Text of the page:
Yesterday, the last day of my spring break, an ankle injury and rain kept me inside a café drinking coffee and staring out the window instead of exploring like I wanted. As I kept looking out the window, I noticed police vans started to show up outside, then groups of people appeared with banners, and a circle of women started playing the drums. After feeling bummed about not getting to do anything adventurous or cool that day, I didn’t expect to stumble into a rally for International Women’s Day in the middle of Berlin.
It was unexpected and powerful. It was also interesting to get to see an event that celebrates women of all different experiences, backgrounds, and places in a brand new country. I notice that each different place seems to be fighting for their own specific feminist causes and issues in one way or another. That being said, we are also fighting for the same thing—a better, more equal world free from patriarchy.
The thing about patriarchy is that it hurts everyone. Even though the day is centered on women and the issues they face, it should matter to everyone.
At the rally, I also noticed that there were a lot more men and young children there than at women’s rights events I’ve attended in the States. During my time in Germany, I saw posters with quotes from feminist leaders, a sign for a feminist film festival, and a bathroom filled with stickers advocating for LGBTQ+ rights. Berlin seems to be much more open about these issues than the States under a culture that perpetuates the idea that feminism is no longer necessary.
Feminism—the word and the movement—doesn’t seem to carry the same connotation here in Berlin as it does back home.
International Women’s Day is an acknowledgement that there is still work to be done. That’s why this coming Tuesday is so important.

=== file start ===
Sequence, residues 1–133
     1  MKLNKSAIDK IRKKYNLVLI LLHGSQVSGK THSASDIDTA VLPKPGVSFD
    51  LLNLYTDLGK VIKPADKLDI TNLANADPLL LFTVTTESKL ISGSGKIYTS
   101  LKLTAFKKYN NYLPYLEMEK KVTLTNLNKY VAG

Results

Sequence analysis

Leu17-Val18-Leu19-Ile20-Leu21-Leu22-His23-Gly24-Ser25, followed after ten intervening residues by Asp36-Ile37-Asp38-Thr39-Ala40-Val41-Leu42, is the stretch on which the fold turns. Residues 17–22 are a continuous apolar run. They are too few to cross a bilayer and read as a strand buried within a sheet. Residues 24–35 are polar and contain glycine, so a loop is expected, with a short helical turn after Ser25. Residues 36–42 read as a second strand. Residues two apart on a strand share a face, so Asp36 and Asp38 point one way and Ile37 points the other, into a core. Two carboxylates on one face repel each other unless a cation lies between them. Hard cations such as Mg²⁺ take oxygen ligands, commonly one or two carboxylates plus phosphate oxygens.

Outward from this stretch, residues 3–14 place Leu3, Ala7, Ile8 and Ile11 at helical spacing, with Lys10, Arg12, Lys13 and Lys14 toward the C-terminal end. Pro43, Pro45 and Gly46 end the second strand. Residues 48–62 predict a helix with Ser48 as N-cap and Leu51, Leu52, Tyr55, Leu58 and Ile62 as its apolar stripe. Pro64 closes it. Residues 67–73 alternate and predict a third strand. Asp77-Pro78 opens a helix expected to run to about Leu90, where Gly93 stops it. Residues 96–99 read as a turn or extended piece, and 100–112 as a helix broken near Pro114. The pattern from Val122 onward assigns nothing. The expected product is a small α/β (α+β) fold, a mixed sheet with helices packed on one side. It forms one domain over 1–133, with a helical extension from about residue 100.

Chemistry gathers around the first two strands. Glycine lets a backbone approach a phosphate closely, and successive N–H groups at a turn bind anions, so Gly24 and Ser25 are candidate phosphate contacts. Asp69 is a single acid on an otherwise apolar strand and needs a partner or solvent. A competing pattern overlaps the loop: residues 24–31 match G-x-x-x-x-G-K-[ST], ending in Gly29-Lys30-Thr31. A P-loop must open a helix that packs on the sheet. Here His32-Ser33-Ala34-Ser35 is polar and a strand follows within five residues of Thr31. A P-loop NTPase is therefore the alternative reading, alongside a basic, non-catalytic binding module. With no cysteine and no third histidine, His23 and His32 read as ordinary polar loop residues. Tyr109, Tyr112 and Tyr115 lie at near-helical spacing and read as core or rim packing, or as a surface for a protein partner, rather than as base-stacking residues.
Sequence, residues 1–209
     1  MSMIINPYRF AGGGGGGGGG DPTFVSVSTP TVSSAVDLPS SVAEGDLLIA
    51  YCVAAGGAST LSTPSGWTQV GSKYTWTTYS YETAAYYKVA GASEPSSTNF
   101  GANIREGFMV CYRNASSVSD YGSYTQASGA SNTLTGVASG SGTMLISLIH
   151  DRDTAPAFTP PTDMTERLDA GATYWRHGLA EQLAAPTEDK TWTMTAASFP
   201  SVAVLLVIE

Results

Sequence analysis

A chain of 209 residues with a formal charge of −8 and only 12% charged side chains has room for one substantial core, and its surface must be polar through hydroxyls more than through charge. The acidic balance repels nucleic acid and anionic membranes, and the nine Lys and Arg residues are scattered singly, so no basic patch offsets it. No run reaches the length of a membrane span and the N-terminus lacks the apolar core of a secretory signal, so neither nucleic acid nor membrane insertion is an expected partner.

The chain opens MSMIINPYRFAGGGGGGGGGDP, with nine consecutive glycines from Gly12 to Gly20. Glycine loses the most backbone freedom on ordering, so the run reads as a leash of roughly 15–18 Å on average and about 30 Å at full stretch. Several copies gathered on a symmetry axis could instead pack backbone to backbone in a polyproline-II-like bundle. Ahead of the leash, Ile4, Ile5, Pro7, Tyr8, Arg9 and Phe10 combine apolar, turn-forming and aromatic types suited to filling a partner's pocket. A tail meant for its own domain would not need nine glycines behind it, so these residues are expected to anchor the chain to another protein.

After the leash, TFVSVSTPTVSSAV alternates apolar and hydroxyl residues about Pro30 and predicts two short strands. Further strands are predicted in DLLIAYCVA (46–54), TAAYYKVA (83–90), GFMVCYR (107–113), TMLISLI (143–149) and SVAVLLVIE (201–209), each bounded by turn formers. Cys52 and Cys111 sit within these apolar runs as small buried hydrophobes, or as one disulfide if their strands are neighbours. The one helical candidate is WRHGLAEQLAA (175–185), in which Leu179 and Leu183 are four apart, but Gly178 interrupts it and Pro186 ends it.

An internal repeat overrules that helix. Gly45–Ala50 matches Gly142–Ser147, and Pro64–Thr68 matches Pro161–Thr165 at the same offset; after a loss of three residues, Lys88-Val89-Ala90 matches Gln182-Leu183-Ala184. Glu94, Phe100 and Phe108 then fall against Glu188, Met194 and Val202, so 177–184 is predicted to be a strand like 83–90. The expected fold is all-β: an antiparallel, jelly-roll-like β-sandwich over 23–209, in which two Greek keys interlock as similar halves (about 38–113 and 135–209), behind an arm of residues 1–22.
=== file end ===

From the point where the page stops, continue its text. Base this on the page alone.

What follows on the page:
Patriarchy and inequality must be acknowledged first for change to happen.
The rally also focused specifically on breaking down and dismantling racism. Many of the signs people were holding up in the street were in various languages advocating for different issues facing each community.
The most important component to feminist activism is remembering that marginalized women—women who aren’t straight, white, able-bodied, cis-gendered, etc.—have even harder time navigating through patriarchy and are disproportionately impacted by things like the pay gap and gender-based violence.
Mainstream feminism can sometimes (no matter how unintentionally) forget about this and be exclusive. But it’s critical that feminist activism is intersectional—meaning that it recognizes that different aspects of one’s identity and oppressive institutions are interconnected and informs how much privilege one has.
For more information on intersectionality for this International Women’s Day, check out this article.
Want to get involved with International Women’s Day more? If you’re a student at Ithaca College, click here for all the events.
You can also #pledgeforparity here!
Happy early International Women’s Day!